This is appealingly slow. The writer, who re-wilded her traditional dairy and arable farm, adds:
So there’s a huge responsibility here: unless you’re sourcing your vegan products specifically from organic, “no-dig” systems, you are actively participating in the destruction of soil biota, promoting a system that deprives other species, including small mammals, birds and reptiles, of the conditions for life, and significantly contributing to climate change.
Our ecology evolved with large herbivores – with free-roaming herds of aurochs (the ancestral cow), tarpan (the original horse), elk, bear, bison, red deer, roe deer, wild boar and millions of beavers. They are species whose interactions with the environment sustain and promote life. Using herbivores as part of the farming cycle can go a long way towards making agriculture sustainable.
There’s no question we should all be eating far less meat, and calls for an end to high-carbon, polluting, unethical, intensive forms of grain-fed meat production are commendable. But if your concerns as a vegan are the environment, animal welfare and your own health, then it’s no longer possible to pretend that these are all met simply by giving up meat and dairy. Counterintuitive as it may seem, adding the occasional organic, pasture-fed steak to your diet could be the right way to square the circle.
Isabella Tree. (Yes, she really is called that.) Here’s her book, which I have not read.
I just read a PhD thesis of someone who tracked two dozen Palestinian Muslims who turned to Christ. 1
Each of these was following an against-the-herd choice, hard for any of us. They had things in common. Many had had dreams that had set or confirmed them on a journey. (The dream was never the end of the journey, interestingly.) Many read and re-read the New Testament. All took a long time, many of them, years.
Each of them was slow. This was a specialized sample and so it is risky to universalize it. But I think all true conversion is slow. Sometimes it’s the slow laying of groundwork before an instant-looking conversion. Often, maybe always, it’s slow work afterwards. As in my three novels of comic fiction, repentance is both the true start and the true marker of movement. It is a turning-to God as much as a turning-from dead stuff. Emptied and thirsty, back we go to the slow-dropping grace; fed up of the cave, we breathe the outdoor air and take in the view; out of sorts, we reach for a hug. Slow like life is slow, like seasons are slow, like growing is slow.
Now that I’m telling people I’m writing about Slow, I have to keep defining what it is. It’s a metaphor really, the opposite of another metaphor, fast, as in fast food.
In this context it means methodical and single-focussed. When a counsellor sits down with a client, and has booked out the whole morning, she’s going to be slow. That’s all she’s going to do this morning. She isn’t going to let her phone interrupt. She’s put aside her other responsibilities. All she’s going to do is unwrap her client’s soul until both client and counsellor can see the true person. It’s slow because it’s thorough, thoughtful and single-minded. Slow is that habit of doing things well, perhaps from first principles, focussed, practising a craft.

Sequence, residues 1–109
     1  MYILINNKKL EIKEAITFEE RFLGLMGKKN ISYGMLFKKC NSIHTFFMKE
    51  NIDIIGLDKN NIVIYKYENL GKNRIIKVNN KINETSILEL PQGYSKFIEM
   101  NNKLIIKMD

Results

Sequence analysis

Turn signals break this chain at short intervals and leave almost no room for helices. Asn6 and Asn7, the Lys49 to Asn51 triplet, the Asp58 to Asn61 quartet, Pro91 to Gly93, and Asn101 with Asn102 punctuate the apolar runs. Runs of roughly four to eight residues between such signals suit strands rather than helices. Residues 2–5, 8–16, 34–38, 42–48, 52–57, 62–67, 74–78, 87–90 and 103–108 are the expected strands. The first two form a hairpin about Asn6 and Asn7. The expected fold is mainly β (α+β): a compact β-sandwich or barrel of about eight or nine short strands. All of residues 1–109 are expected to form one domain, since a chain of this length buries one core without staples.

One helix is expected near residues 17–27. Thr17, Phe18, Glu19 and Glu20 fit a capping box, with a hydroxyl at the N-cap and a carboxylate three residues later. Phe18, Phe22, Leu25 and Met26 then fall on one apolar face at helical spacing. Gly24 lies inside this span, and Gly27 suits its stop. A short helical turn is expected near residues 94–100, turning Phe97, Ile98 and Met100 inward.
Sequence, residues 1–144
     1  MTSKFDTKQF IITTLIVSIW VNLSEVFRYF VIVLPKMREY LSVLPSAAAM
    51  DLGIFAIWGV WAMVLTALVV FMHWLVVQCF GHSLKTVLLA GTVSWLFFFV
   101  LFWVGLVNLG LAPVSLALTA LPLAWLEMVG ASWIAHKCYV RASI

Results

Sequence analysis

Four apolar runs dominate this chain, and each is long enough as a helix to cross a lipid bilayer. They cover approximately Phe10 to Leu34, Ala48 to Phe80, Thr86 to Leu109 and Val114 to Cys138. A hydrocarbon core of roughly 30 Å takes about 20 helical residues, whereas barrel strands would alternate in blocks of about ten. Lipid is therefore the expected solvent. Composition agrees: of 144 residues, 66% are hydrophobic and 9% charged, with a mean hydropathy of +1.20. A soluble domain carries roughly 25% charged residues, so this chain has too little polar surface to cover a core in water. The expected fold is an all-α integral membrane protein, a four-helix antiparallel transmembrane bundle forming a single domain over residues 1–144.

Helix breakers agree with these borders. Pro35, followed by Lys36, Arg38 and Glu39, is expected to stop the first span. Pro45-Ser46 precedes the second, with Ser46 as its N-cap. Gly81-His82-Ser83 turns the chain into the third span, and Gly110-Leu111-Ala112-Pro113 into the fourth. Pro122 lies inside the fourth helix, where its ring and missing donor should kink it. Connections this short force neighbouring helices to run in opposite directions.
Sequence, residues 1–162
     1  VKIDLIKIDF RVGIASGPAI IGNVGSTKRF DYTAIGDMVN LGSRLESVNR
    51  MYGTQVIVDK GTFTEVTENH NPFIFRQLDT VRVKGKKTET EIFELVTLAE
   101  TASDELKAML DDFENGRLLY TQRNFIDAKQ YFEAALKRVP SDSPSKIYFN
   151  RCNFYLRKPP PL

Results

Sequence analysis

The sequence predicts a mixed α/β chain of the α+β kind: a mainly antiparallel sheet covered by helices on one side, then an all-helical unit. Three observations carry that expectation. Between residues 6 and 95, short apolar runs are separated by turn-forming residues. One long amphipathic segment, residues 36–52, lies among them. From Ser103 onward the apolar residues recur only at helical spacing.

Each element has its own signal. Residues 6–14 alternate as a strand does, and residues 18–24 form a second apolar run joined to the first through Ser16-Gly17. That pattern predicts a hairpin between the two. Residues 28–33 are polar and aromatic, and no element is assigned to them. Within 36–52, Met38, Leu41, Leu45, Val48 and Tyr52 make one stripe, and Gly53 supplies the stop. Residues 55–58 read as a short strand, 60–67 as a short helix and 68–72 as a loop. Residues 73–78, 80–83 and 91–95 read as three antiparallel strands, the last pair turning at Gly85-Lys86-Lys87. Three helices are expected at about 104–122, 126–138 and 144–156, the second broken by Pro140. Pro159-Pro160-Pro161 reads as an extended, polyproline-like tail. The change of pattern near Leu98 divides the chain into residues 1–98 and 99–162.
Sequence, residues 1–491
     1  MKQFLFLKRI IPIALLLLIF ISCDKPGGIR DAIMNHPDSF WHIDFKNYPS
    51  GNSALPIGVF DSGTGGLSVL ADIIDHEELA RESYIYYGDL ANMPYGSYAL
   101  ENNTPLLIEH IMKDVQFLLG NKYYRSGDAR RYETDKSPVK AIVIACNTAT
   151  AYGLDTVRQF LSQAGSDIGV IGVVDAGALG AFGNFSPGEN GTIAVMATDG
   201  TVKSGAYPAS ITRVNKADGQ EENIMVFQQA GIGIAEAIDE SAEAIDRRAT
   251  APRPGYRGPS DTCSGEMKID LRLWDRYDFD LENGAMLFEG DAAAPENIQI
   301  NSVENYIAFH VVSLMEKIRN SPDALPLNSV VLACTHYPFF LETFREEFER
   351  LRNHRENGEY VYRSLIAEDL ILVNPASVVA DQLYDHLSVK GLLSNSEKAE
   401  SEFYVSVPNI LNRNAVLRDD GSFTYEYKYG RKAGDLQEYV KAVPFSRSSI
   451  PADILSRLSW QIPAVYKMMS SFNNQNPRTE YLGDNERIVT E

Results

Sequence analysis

Slow is also patient. Cricket (in its longer forms) is slow because it is a test of routines and patience. Allotment gardening is slow because you have to sow and reap and bury, overseeing life and fruit and death, at the same pace as the seasons. The Christian faith is slow because you hourly walk paths of spiritual discipline that carve out contours in lives and culture and history. Centuries are shaped by the hourly habits of the worshipper.
All of Christian discipleship is slow: healing is slow, holiness is slow, forming a marriage or family or a child is slow. Nurturing a Christian community is slow. Love and faith crystallize into faithfulness in all its splendid forms and are slow.
Learning a skill is slow. Those who have found enduring wealth or fame or celebrity have usually embraced slow: the person who sells out stadiums has learnt her craft and polished her art in clubs and pubs. Flash-in-the-pan wealth or fame, I think, can be instant, up like gunpowder rocket, down like the stick.
Slow glows with divine light. Somebody is lit up by something, and they love it, and work to perfect it, and do it over and over again. There’s a holiness about watching someone, adult or child, quietly doing what they love to do; they have found something, they have connected with a stream that doesn’t stop flowing, whose source is God.
Stop is the father of Slow. And Stop has exotic parents: it is the lovechild of hubris and reality. You are driving your car, radio on, happy, hubristic, and in a few panicked moments there is a bang and things happening quickly and then the crumpled metal and the stop.
Or there is the phone call that stops your world or the judgement or the letter or the diagnosis or the moment. That which was your careful construct of a life is a house of cards. You know this now because it has fallen down. You have been blessed with a dead stop. As you rebuild you will embrace Slow.
This all has Christian resonance because in that framework of thought the death of Christ is the only stationary point in an oscillating, surging, blushing, trilling Universe. The cross is the origin, coordinate (0,0), the place you have to go to orient yourself and find your way. It is the full stop. We enter into it, finding the death of hubris and the death of self in the death of Christ; finding a new pattern of life in the resurrection, fuelled by the Spirit of God. As the joke goes, Death is God’s way of getting us to slow down. .